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“We Don’t Consider You a Legitimate Journalist” — How I Got Blacklisted by the Pentagon’s Africa Command

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13.01.2018

Conversations with military spokespeople can be curt, even confrontational, but they are not supposed to go this way.

“Nick, we’re not going to respond to any of your questions” Lt. Cmdr. Anthony Falvo, the head of U.S. Africa Command’s Public Affairs Branch, told me by phone last October. “We just don’t feel that we need to.”

I asked if Falvo believed AFRICOM didn’t need to address questions from the press in general, or just me in particular.

“No, just you,” he replied. “We don’t consider you a legitimate journalist, really.”

Then he hung up on me.

For the previous two months — after The Intercept revealed that Cameroonian troops tortured prisoners at a remote military base also used by U.S. personnel and private contractors for drone surveillance and training missions — AFRICOM had ignored my emails and phone calls. Finally, about a week and a half before Falvo’s flare-up, spokesperson Robyn Mack answered a call of mine. I wanted to verify some public information and clarify a few points, and Mack asked for my questions. I had only just begun relaying the first of them when she interrupted me.

“Hello, hello, Nick are you there? Hello?” she said over the crystal-clear connection.

“Yes, I’m here,” I replied more than once.

Then she hung up on me.

I called back within seconds. No answer. I called again and again. Finally, someone picked up the phone and told me that Mack was out to lunch … along with everyone else in the entire office. I left a message and called back, not only for Mack but other spokespersons – Capt. Jennifer Dyrcz, Samantha Reho, and Falvo, too — every business day, during working hours, for the next week, around 200 calls, but they were answered only on rare occasions and then only to hang up on me. (I didn’t receive replies to my emails either.) I continued to call and the response was nothing if not consistent.

“Public affairs, this is Robyn, how can I help you?” said Mack on November 15, 2017.

“Hi Robyn, it’s Nick Turse from The Intercept,” I replied.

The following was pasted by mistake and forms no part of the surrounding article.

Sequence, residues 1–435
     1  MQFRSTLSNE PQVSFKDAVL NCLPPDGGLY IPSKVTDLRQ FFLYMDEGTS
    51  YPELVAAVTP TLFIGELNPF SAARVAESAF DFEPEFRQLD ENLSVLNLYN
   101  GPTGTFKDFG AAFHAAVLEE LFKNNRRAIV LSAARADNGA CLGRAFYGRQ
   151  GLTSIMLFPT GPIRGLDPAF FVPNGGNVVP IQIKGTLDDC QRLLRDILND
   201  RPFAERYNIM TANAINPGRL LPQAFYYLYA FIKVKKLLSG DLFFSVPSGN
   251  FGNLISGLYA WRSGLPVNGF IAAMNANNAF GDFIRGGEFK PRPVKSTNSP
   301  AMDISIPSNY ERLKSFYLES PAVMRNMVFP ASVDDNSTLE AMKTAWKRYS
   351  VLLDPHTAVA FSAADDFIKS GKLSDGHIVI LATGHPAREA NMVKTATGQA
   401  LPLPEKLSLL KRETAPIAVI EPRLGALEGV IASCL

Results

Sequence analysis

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Since the combat deaths of four Special Forces soldiers in Niger in October, AFRICOM has been under greater media scrutiny than at any other time in its history. There have also been reports that Navy SEALs are being investigated in the strangulation death of another Green Beret in neighboring Mali (the site of previous shadowy deaths of special operators), and that U.S. personnel took part in a massacre in Somalia. The command has deflected questions about the killing in Mali, offered murky and shifting explanations of the attack in Niger, and cleared U.S. personnel of wrongdoing in Somalia before launching a new investigation into the killings. All of this comes as the Defense Department as a whole has become less transparent and accessible, according to numerous journalists who cover U.S. national security. At the same time, according to the Pentagon’s Inspector General, there has been a rise in complaints of misconduct by senior officials as well as reprisals against whistleblowers.


Main entrance to the United States Army Kelley Barracks and AFRICOM headquarters in Stuttgart, Germany, on June 6, 2015.

Photo: Patrick Seeger/picture-alliance/


The stated mission of U.S. Africa Command’s public affairs branch is to help “strengthen national and international understanding of and confidence in USAFRICOM’s mission” as well as keep “the American people and the international community informed of its activities.” The command’s website notes that “transparency is achieved as we emphasize timely, relevant and professional news and information dispersal about AFRICOM and our African Partners.”

AFRICOM disperses lots of information through its own media arm – news releases that often........

© The Intercept